As far as the outdoor life is concerned, this is the time of year I most dislike.
If I were a river fisherman with a canoe or kayak, I would have a different opinion, but being a committed landlubber, my pinings are for the soon-to-be-here fall seasons.
While friends are floating the Juniata or fishing the depths of Raystown Lake, I am out battling gnats and mosquitoes, quietly watching my favorite spots for deer and trying to determine how many bucks there might be there in the fall. As I go, I'm looking for flocks of turkeys and enjoying whatever I happen to see. Dusk on a summer evening in the woods is a most pleasant time to see all kinds of wildlife.
Once I was parked on the very edge of a small clearing, sitting against the trunk of a small pine tree. The limbs of the tree dipped right to the ground, affording a perfect hideaway for watching. A small buck entered that field just before dusk and began to feed. Slowly it made its way in my direction and then, amazingly, stuck its nose under the branches to pull at grass. Its nose was actually between my feet. I could not imagine that a deer could get that close to me and not scent me. I actually pulled my feet back toward my body quietly and slowly or that deer would have bumped my feet with its nose.
I've also had more than my share of close encounters with rattlesnakes on these summer forays. This not the kind of encounter I ever want to experience. I know a friend whose prized birddog was bitten by a rattler on his own property. Sadly, that dog did not survive the bite. Except for the intervention of my squadron of guardian angels, I, too, might have long ago have succumbed to rattlesnake bite.
This is exactly the time of year to know what you need to replace for the upcoming fall seasons. I have a box call that must have the lid resanded lightly because the surface of the lid got really slick last spring as I used it. Round up you mouth calls and check them. If you didn't take care of them over this summer, they will have deteriorated. If, like me, you neglected to get them out of your vest at the end of spring and store them in the refrigerator, you are going to need a couple of new ones.
I had some company this summer and they were beside themselves laughing at what I had in my refrigerator. A couple containers of mouth calls, a half-used jar of salmon eggs, two bottles of doe-in-heat scent and, one that really grossed out my guests, a container of mealworms.
A few years ago, I purchased a long-legged, lightweight portable folding chair that makes staying on any deer stand much more bearable. I have become, in my senior years, much more apt to select a prescouted area and take up a watch there. From my younger years, when I thought nothing of covering 10 miles a day while deer hunting, I'll now do well to walk a mere mile or two.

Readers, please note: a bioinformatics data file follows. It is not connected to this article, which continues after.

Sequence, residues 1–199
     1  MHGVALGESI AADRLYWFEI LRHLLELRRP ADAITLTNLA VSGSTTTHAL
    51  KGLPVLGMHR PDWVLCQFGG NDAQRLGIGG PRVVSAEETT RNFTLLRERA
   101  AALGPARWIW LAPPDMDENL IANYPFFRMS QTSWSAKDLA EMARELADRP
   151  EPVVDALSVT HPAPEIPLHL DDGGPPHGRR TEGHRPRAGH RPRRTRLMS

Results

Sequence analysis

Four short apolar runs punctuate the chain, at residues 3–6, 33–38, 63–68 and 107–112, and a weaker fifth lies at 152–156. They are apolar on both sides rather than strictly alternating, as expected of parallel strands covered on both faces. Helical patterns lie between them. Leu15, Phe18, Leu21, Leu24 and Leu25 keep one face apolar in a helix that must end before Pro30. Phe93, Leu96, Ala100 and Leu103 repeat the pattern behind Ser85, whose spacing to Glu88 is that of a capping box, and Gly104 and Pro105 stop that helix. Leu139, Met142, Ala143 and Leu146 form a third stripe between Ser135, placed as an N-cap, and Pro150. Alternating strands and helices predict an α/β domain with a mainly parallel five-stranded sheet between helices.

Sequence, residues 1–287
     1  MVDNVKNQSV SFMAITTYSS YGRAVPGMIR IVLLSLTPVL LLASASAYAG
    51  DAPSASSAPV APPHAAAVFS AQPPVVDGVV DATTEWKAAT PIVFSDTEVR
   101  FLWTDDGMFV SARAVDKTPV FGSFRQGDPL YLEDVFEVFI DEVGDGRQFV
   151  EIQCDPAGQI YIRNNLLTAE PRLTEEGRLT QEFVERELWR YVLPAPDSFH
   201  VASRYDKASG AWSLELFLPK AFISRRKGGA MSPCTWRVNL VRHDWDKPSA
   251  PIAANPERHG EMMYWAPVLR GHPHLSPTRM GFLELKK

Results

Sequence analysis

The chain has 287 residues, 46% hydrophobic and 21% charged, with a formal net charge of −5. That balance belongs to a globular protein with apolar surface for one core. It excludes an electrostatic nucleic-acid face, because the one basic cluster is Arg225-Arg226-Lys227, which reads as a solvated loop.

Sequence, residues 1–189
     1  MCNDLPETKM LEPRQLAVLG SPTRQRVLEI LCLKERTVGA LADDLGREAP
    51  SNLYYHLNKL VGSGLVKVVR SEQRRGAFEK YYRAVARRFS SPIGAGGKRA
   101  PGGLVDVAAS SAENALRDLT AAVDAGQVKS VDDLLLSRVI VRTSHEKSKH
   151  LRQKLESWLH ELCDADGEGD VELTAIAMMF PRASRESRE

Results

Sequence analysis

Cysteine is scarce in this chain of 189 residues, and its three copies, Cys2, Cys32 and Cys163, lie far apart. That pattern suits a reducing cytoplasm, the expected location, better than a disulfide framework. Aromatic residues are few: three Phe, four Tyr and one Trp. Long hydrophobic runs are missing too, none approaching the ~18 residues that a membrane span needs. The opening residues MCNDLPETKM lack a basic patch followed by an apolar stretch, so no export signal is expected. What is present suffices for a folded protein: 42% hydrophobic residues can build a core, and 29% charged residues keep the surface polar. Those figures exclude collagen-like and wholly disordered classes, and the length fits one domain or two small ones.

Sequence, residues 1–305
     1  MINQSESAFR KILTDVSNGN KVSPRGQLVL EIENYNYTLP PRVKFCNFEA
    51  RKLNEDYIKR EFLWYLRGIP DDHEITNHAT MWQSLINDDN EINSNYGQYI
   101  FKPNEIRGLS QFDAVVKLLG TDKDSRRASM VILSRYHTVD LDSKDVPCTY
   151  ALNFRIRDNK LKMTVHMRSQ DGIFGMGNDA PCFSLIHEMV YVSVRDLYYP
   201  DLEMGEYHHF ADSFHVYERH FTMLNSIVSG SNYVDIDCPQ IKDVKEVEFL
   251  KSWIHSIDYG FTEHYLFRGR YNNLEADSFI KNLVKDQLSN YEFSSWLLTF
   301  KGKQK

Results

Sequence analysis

This particular long-legged stool is not only comfortable but also gives me just enough height to be able to use low brush as a shield or cover. I can wiggle that slim stool back into the laurel thicket just enough to be able to sit comfortably and yet see all around with a "blind'' of laurel in front of me. Believe me, that stool was a dollar well spent.
I buy at yard sales the small, thin raincoats that I tuck in my hunting vest and prove so valuable if it starts to rain. I got a compass, which was an extra but proved valuable when I lost mine in the spring woods this past year. And gloves and knit hats. I could supply a small regiment with the gloves and knit hats I've picked up for next to nothing at yard sales. Sweatshirts are offered by the scores at these sales. And all are 90 percent less than you'll have to pay if you find out the day before deer season that you cannot find your knit cap or heavy gloves.
One thing I did buy last year at a local merchant was one of the portable, one-man chair blinds. I've found already, after using it just one season, that it is the greatest piece of gear I've found in quite awhile. It won't be long, I'm sure, until these blinds of various sorts will be offered at yard sales, and I'll probably buy every one. Soon I'll have 45 blinds to go with my 45 pairs of boots.
I have a couple of the folding canvas chairs we use at campsites or wherever, and this year, I found a folding canvas table, and I snapped it up. It was new, and it cost way less that it would have had I ordered it through one of the outdoor catalogs.
Getting ready for fall and winter hunting seasons means thinking about it this summer. Making a list perhaps of what you will need and then making the rounds of some yard sales and picking up needed gear at much reduced prices. It's a great way to outfit new or young hunters too. The almost new items offered at some yard sales are the things parents bought for their young hunters last year but won't fit them this year. My favorite orange deer-hunting coat is one I bought at a sale for 50 cents. I've worn it the last four deer seasons.